Stop-gap measures to help overdraft and credit card customers will go ahead

Banks will be expected to offer customers whose finances have been hit by coronavirus an interest-free overdraft buffer of up to £500 for three months, the City regulator has confirmed.

The Financial Conduct Authority (FCA), which had previously consulted on a package of proposals to offer borrowers more stop-gap help, confirmed on Thursday that it will press ahead with the plans.

It also said that firms should offer a temporary payment freeze on loans and credit cards for up to three months, for consumers negatively impacted by coronavirus.

If someone has a personal loan, credit card, store card or catalogue credit, they can ask for a freeze on repayments for three months. Personal loans also include guarantor loans, logbook loans and home collected credit.

However, interest will continue to build, which could mean paying higher costs in the longer term – so people should only make the request to freeze payments if they need to.

If they can afford to keep up repayments, either in full or a smaller sum, then they should do so, the FCA said.

All firms should be ready to receive customer requests by April 14, although some firms are adopting the changes immediately.

Firms should also ensure consumers using any of these temporary payment freeze measures will not have their credit file affected, the regulator said.

Many providers have already announced £500 zero interest overdraft buffers, but the exact help being offered has varied from bank to bank.

Providers which have already announced temporary £500 zero interest overdraft buffers for agreed overdrafts in recent days include M&S Bank, HSBC UK, Lloyds Banking Group, TSB and Santander.

Barclays has previously said it will waive overdraft interest from March 27 until the end of April.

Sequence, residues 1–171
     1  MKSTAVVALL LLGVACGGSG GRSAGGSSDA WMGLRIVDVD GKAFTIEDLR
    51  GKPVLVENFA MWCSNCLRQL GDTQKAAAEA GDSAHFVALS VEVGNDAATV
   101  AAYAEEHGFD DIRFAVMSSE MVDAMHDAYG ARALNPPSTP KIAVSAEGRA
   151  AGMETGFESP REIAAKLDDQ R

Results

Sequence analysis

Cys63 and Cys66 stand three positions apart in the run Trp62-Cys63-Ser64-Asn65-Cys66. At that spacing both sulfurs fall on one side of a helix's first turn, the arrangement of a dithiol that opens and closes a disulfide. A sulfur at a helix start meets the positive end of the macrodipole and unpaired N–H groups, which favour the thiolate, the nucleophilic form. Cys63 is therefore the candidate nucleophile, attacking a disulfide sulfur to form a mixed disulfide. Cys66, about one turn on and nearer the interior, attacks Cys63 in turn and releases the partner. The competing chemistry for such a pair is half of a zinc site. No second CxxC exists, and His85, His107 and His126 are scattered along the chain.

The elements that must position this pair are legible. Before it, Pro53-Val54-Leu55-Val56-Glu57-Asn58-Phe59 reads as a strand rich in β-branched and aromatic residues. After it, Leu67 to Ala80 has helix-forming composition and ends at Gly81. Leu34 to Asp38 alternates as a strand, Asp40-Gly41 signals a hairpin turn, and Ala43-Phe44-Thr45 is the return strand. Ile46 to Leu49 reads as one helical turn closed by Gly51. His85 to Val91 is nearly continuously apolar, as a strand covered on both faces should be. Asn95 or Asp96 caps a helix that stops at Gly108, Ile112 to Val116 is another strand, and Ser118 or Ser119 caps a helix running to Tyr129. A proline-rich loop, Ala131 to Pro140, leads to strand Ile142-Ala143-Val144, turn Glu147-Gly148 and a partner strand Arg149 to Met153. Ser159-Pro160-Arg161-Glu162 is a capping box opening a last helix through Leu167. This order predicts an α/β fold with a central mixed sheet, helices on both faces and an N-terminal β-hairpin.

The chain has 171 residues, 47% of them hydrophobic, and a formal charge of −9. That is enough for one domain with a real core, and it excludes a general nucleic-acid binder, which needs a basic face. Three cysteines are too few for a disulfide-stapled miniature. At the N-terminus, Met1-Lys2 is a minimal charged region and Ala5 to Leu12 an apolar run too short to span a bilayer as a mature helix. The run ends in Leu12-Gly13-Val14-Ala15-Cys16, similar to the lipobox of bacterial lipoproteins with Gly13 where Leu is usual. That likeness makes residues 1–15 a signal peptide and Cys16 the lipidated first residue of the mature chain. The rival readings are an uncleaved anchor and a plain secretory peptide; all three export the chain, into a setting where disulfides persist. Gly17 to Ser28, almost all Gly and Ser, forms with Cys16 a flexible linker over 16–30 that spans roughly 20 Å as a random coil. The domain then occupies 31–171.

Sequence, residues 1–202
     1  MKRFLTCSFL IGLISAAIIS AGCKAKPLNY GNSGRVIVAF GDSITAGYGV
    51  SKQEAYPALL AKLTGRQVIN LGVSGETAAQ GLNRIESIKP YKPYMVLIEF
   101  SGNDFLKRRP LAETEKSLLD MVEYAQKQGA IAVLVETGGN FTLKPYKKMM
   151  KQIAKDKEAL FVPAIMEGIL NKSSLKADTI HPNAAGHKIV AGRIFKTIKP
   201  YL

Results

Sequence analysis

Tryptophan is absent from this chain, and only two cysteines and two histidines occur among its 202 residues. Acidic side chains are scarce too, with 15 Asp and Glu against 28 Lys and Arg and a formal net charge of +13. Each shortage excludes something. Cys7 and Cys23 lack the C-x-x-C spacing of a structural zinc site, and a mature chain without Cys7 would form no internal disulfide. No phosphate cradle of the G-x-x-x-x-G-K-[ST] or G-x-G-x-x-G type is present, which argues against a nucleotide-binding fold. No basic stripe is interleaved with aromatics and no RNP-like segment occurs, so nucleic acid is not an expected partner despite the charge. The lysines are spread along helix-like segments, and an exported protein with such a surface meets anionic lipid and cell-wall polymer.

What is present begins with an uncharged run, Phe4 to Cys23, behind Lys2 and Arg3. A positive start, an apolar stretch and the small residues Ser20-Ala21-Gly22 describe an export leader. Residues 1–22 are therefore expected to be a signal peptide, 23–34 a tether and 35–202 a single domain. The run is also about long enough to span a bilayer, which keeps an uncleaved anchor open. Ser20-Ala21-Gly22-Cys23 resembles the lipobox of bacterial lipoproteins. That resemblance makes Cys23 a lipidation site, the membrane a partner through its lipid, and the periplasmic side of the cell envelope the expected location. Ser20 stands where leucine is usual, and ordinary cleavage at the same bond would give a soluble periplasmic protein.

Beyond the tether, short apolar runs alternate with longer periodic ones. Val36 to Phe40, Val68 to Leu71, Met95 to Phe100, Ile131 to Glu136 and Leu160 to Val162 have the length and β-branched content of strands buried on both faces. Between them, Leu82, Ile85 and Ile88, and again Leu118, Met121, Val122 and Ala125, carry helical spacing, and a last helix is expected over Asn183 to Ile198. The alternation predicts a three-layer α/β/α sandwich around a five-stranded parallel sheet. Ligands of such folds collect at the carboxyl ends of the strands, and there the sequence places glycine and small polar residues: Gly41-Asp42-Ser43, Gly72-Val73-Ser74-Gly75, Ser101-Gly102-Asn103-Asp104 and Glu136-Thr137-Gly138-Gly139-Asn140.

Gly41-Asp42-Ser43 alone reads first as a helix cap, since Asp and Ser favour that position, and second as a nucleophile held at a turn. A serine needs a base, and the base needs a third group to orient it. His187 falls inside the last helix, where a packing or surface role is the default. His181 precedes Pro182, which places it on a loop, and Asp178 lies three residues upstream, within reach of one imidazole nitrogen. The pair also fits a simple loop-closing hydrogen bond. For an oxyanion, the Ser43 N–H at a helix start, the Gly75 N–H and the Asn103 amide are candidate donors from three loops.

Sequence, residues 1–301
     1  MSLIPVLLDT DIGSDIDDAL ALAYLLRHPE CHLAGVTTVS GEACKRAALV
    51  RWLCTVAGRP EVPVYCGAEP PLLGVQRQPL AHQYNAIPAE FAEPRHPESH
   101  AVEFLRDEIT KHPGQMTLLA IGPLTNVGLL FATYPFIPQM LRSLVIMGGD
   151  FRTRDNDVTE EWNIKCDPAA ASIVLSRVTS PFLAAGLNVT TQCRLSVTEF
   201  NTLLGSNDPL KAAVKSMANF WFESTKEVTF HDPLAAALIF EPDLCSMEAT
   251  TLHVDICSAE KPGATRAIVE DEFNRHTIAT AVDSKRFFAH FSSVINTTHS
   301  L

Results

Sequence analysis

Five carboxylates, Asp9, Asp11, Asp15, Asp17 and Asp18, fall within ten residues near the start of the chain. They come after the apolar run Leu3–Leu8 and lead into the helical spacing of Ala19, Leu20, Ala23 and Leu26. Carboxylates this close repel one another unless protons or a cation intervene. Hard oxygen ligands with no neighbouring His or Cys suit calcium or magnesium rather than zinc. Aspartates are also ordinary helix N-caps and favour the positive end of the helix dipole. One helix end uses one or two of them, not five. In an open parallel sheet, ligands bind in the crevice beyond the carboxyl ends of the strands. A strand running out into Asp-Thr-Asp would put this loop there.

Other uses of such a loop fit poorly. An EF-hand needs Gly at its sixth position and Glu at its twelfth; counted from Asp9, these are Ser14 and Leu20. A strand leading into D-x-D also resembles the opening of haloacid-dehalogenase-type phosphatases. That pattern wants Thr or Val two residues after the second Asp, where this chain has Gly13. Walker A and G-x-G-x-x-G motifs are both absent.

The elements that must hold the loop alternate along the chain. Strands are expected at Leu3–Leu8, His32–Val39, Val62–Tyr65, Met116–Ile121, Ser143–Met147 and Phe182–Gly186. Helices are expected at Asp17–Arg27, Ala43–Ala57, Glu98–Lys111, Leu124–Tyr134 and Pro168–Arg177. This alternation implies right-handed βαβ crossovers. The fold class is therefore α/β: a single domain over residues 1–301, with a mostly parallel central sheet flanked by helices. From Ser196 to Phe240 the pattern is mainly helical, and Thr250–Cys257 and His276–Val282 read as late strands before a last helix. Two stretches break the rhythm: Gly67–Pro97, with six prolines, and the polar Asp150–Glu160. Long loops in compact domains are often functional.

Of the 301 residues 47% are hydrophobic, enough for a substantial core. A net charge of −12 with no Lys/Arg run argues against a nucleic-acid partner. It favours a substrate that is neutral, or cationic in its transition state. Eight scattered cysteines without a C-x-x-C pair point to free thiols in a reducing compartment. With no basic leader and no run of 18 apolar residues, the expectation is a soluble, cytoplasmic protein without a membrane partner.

The FCA said it expects firms to allow customers who are negatively impacted by coronavirus and who already have an arranged overdraft on their main personal current account, up to £500 charged at zero interest for three months.

They will also need to make sure that all overdraft customers are no worse off on price when compared to the prices they were charged before recent overdraft changes came into force.

Rule changes from April 6 mean that providers now need to charge overdraft customers a simple rate rather than adding on extra fees and charges which can make costs hard to compare.

Before the coronavirus outbreak, many banks had announced new rates of around 40%, but some have temporarily rolled these back to the previous rate.

Christopher Woolard, interim chief executive at the FCA, said: “We know many people are suffering financial pressures brought on as a result of the coronavirus pandemic.

“The measures we’ve announced are designed to provide people affected with short-term financial support through what could be a very difficult time.

“The changes will provide support for consumers with credit cards, loans and overdrafts, facing temporary financial difficulties because of the pandemic.

“Customers should think carefully before making use of these measures and only do so if they need immediate help.  Where they can still afford to make payments, they should continue to do so.

“We know there is still more work to be done, and we will be announcing further measures to support consumers in other parts of the credit market in the future, including in the motor finance sector next week.”

Customers should check firm websites or social media posts for more information, and where possible use online services to get help, to reduce pressure on firm call centres, the FCA said.

It suggested that those who need to telephone their firm should, if they can, wait until after the Easter weekend, even if their lender is offering help sooner than April 14.

The new measures will sit alongside steps taken by the Government to support mortgage holders, renters, furloughed employees and the self-employed.

The FCA said the measures do not replace normal forbearance rules which would be more suitable for a consumer in serious and immediate financial difficulty. Consumers in financial difficulty should contact the Money Advice Service (MAS) for further guidance.

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